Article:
The regulator will use a range of indicators and data in order to determine the risk presented by a business. Some of these will come from regulatory areas beyond food to help the FSA “judge the behaviour and culture within the business and the impact this may have on food safety compliance”.
For some businesses, the FSA predicts the risk will be “so low that they do not merit inspection”. Those at the other end of the scale, however, should prepare for inspections that are “more intrusive and rigorous than they have experienced until now”.
The framework is part of the FSA’s new approach to enforcing food laws. The agency’s chairman Heather Hancock has previously referred to this as “right touch” regulation, but critics have suggested the changes amount to self-regulation for UK food businesses.
Take note: the FSA hasn’t changed the actual regulations that specify what food businesses are required to do; rather it’s a new way to “deliver regulatory assurance”.
The FSA said the new system will see standards improve in risky businesses and cut the administrative burden for those that demonstrate they are compliant with food law.
Hancock said: “We want to improve relationships with industry, bring a more commercially astute understanding onto our regulatory decisions, and above all ensure that the stringent and robust standards we set help food businesses fulfill their responsibility to produce food that is safe and what it says it is.”
The plans are given “extra momentum” as the UK leaves the EU, she explained – “a step that will adjust patterns of food production, trade and consumption. We need a modern, flexible and responsive regulatory system. It is important that we act now, rather than wait for the system to falter, risking damaging consequences for public health and for trust in food.”
Research by the FSA has shown that just 47% of consumers trust the people that produced their food. Brexit has fuelled concerns that food laws will be relaxed once the UK leaves the EU. There are also fears that some new trade deals could result in the market being flooded with cheap, poor quality food.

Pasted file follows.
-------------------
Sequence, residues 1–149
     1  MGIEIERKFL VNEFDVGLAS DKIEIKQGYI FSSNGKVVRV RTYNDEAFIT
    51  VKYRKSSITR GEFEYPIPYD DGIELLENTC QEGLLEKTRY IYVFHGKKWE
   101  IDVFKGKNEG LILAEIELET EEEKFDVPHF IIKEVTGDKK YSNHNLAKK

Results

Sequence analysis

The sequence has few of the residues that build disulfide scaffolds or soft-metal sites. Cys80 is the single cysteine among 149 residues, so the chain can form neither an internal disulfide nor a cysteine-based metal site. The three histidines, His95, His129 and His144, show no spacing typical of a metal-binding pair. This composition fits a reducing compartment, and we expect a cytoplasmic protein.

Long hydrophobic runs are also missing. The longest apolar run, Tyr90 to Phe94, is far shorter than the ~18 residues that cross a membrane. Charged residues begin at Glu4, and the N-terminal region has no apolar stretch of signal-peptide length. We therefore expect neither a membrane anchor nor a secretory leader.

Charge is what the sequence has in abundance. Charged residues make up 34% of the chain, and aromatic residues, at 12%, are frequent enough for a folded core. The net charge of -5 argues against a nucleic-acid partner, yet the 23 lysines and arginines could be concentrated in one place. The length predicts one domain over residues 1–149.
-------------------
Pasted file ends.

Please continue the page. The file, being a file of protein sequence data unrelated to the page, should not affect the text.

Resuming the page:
Last week, the UK food and farming secretary, Michael Gove, attempted to play these down. He said the UK would not enter a race to the bottom to win new trading relationships. However, Gove has also suggested that food will become cheaper post-Brexit even if standards are raised.
Food policy experts recently warned the UK was facing a future of “less safe and nutritious foods”. The paper, published on July 17 by the Science Policy Research Unit at the University of Sussex, noted how the FSA’s budget has been severely cut in recent years.
“The UK enters ‘Food Brexit’ with the FSA seriously weakened, just when it will be needed even more because Food Brexit means leaving the many EU institutions that help to protect food safety and public health,” the authors noted. “There are good grounds not simply for maintaining food standards in and after Food Brexit but for raising them. Who is championing this inside Whitehall? So far, no-one is doing so.”
On July 13, the UK government published its EU (withdrawal) bill, which will aim to transpose thousands of EU laws and directives into British law. However, big questions remain (for example, will the UK work with the European Food safety Authority?) and much can change as the bill passes through parliament.